The Ultimate Cave People

New fossil [findings] in a cave in France have made us rethink a decades-old idea in paleoanthropology. This information comes from the Grotte Mandrin cave in Mediterranean France, that contains sediments from 56,800 – 51,700 years before the present. These sediments are arranged in layers, just like all geologic strata, but because much of the sediment stays within the cave instead of being eroded away, they are able to preserve finer time intervals.

Figure 1 from the paper, showing the cave from outside and in.

Inside this cave, and in each layer, were teeth from “anatomically modern humans” (people like us) and Neanderthals, and stone tools of different kinds. Because of the difference in abilities between the two types of humans, the stone tools they produced look different.

The layers of the cave and the teeth and tools found in each. Image by Ludovic Slimak.

I want to pause here for a moment and talk further about Neanderthals. They get a bad reputation as being ‘inferior’ to modern humans because of the idea that modern humans outcompeted Neanderthals any time the two came into contact. The two species may have fought when they saw each other sometimes, but there’s also evidence of gene flow between the species, so their contact didn’t always end in a battle.

The fossil evidence in the Mandrin cave shows that modern humans and Neanderthals were living in the same cave at different times. Caves provide natural shelter from wind, rain, and animals, so it seems logical that people would want to stay in one. Because the alternating layers show a pattern of Neanderthal->Modern humans->Neanderthal->Modern humans staying in it, it tells us that this cave was an important ‘pit stop’ for modern humans migrating out of Africa and into Europe. And because there is this pattern of alternating species, it shows that the appearance of modern humans didn’t automatically mean doom for the Neanderthals.

So why did Neanderthals die out? Possibly changes in climate decreased their population (they were adapted to colder climates), and possibly modern humans were just intolerant to competition. More data, especially from caves, will help us find out.

Caves and Tools

In Morocco (Africa) 120,000 years ago, a wildcat, a jackal, and a fox met in a cave. What were they doing there? And what do humans have to do with it?

Today’s post is about [human culture]. And fossils. Most of what I post here is about what fossils can tell us about how, when, and where an animal lived. Fossils can tell us so much about the biology of now extinct animals. But that’s not all they can tell us. In some cases, the bones record what happened after the animal died.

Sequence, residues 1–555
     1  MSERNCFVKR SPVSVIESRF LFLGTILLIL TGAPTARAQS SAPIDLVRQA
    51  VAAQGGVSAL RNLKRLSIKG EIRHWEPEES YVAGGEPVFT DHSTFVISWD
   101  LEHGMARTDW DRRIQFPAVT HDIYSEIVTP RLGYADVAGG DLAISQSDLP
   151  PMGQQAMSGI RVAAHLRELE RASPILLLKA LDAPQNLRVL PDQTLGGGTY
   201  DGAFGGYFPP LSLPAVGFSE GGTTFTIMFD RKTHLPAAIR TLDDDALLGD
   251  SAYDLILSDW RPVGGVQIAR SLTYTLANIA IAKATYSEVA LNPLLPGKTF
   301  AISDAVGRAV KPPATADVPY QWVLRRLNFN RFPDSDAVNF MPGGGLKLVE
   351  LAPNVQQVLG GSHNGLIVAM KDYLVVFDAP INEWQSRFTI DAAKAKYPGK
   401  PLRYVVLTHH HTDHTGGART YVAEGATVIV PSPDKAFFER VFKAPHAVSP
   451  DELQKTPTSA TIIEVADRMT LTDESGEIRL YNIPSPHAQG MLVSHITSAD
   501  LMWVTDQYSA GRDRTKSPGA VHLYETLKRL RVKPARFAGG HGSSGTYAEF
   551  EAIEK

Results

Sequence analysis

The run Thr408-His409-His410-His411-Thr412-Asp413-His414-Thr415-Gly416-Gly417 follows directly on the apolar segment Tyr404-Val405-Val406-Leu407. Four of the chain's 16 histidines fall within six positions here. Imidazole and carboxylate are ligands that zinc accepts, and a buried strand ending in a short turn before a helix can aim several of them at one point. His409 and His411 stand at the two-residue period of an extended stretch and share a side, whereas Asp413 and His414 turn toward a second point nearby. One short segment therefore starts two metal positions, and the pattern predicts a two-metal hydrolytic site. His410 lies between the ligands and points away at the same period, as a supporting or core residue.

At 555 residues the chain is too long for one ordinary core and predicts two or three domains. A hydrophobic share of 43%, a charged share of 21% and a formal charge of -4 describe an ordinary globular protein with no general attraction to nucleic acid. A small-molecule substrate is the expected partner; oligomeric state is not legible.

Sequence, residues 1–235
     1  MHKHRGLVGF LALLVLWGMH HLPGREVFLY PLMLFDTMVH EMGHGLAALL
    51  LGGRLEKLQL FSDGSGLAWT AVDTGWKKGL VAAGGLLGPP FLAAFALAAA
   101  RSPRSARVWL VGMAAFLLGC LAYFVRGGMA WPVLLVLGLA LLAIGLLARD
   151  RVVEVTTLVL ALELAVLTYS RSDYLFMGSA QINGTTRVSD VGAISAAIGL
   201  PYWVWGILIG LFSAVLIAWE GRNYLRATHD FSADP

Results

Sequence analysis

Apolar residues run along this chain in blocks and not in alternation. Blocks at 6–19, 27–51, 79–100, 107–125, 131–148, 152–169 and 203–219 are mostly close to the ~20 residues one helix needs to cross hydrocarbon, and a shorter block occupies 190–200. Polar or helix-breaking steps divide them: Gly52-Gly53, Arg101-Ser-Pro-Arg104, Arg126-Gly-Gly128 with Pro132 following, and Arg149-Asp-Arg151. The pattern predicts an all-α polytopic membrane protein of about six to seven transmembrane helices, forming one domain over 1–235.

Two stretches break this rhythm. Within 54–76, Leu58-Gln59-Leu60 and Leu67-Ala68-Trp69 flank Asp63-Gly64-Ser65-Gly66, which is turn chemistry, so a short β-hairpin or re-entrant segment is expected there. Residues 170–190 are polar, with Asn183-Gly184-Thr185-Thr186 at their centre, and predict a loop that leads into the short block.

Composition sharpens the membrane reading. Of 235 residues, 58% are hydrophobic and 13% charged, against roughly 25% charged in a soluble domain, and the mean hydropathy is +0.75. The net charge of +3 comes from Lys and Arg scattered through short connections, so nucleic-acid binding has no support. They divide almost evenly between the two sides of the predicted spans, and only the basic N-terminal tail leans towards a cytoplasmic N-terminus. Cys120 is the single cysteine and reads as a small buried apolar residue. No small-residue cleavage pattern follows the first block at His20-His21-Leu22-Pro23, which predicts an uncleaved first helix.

The cave location in Morocco, Africa. (Figure 1b from the paper)

The Contrebandiers Cave in Morocco has sediment layers inside that date back to 120,000 years ago. Caves make excellent shelters, so as animals and plants use the shelter or get trapped there, they are fossilized and can be discovered later. Within the Contrebandiers Cave, explorers found the fossilized bones of a golden jackal, sand fox, wildcat, and several cow-like animals.

Some of the animals found at the cave. (Attributions on the image, retrieved from Wikipedia)

But these animals were not just hanging out together, they had been brought there by the humans (Homo sapiens) that lived there at the time. According to the markings on their bones, the animals they hunted and brought back to the cave were skinned in order to make clothing. Clothing itself does not fossilize easily because the fur it was made from breaks down very quickly.

An example of how ‘spatulate’ scraping tools were made and how they were used. (Figure 4 from the paper)

The animal bones weren’t the only evidence of skinning. There were tools present in the cave as well. Tools made from animal bones and shaped in specific ways by ancient human hands. Humans today still use similar tools and methods for skinning, so we don’t have to guess what the tools were for. This cave preserves the oldest evidence of formal bone tools and the production of clothing by modern humans (Homo sapiens)in Africa.

Side note: This is the first scientific paper I’ve read that has an “Inclusion and Diversity” statement at the end. The authors state, among other important points, that they ‘actively worked to promote gender balance in our reference list.’ I am grateful that the journal includes that statement and for the author’s work.